There is a clear panel on the kettle allowing you to see how full the kettle is. This is not marked in cups but in 0.5l, 1.0l, 1.5l and 1.7l marks.
The manufacture claims it is a lightweight kettle and I would have to agree with this. It certainly is light and because of this I would recommend it for people who do have conditions like arthritis as it is easy to hold and lift.
How to use
Simply, press the switch which is below the handle if you want to cancel the boiling for any reason, you simply knock the switch back up. If you leave the kettle boiling it switch off automatically once the water has reached boiling point.
3kW rapid boil
I wouldn't say this is the fastest and most efficient kettle despite its claim of being rapid boil. In the interests of my review I timed it this morning the water takes 3 minutes and 16.84 seconds to boil if the kettle is full which in my view isn't rapid or energy efficient. That said I have never had a rapid boil kettle and am happy enough with how quickly this boils the water
This is a large kettle in my opinion and it holds a capacity of 1.7 liters of water.
Power Base with cord storage
The base unit is ideal for both left and right handed people. Meaning you can put the kettle on it any way you like and the earth contact is made so the kettle will boil. As we are both right handed in our household this feature is only now being used really, as we turn the handle to the back of the wall when we replace the kettle. This is to stop our son being able to reach it and the handle and pull the kettle with hot water over himself. You can store part of the cord in the base if you choose but we never have and personally I don't think the cord is that long so I can't imagine many people will use this option.
Removable washable anti-scale filter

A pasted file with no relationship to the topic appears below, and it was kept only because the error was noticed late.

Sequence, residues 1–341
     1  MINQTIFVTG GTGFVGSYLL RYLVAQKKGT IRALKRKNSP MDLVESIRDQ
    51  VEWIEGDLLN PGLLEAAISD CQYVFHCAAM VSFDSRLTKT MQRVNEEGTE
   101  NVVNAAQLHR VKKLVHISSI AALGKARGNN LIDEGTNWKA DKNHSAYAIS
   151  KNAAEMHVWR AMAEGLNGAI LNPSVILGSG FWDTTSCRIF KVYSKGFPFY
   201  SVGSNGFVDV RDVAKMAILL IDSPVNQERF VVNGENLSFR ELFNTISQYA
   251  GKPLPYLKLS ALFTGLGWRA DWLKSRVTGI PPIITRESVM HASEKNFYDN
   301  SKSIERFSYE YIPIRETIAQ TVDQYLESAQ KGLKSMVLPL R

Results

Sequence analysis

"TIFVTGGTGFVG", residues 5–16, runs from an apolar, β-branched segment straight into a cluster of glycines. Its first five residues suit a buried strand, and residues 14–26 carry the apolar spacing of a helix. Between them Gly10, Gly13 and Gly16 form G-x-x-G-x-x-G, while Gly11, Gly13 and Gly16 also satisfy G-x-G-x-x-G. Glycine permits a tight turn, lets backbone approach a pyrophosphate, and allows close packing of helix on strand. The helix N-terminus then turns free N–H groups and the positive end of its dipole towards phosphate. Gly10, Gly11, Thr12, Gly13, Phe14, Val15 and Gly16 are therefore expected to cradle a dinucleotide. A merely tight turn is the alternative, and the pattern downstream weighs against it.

This model has a removable filter which you are advised to clean. The filter is fairly straight forward to remove. You simply press the top of the filter gently down and back into the kettle to release the tabs on the top of the filter from the catches about the spout. The manufacture advises you to rinse this water and a soft brush. The filter is very delicate and in cleaning it I have knocked one of the four mesh panels out slightly how ever it does still work adequately to keep particles out of my cup of coffee.
The clear window part of the kettle illuminates a pretty light blue when the water is boiling. I am guessing the reason it has this function is for people who are deaf so they know when it stops boiling as they are unable to hear it click off.
This is certainly not a quite boiling kettle and I can hear it boiling in the next room so if you want I quite a kettle this wouldn't be one for you.
The manufacture recommends de-scaling regularly using a product suitable for plastic. I have never done this as we live in a relatively soft water area and find just doing the filter and giving the kettle a rinse out to be more than enough to keep it clean and in good working order. The outside of the kettle cleans easily with any of the usual kitchen products with out any problems
I am happy with this light weight kettle is does the job adequately and though it isn't a thing of beauty or the fastest boil in Yorkshire we will keep using it till it breaks. At under £20 I would recommend it to people who want a lightweight kettle at a reasonable price.
It currently is available new from ebay for £19.99
Enjoy a great cup of tea with the RH White Stylis Kettle 14440 / It has a contemporary white design and is lightweight / so using it is easy and comfortable / A 3kW rapid boil concealed element gives you extra-fast results while a generous 1.7L capacity makes it ideal for a large household or family / Other features include an illuminated water window a 360 degree base with cord storage and a removable washable filter / Short name: Russell Hobbs 14440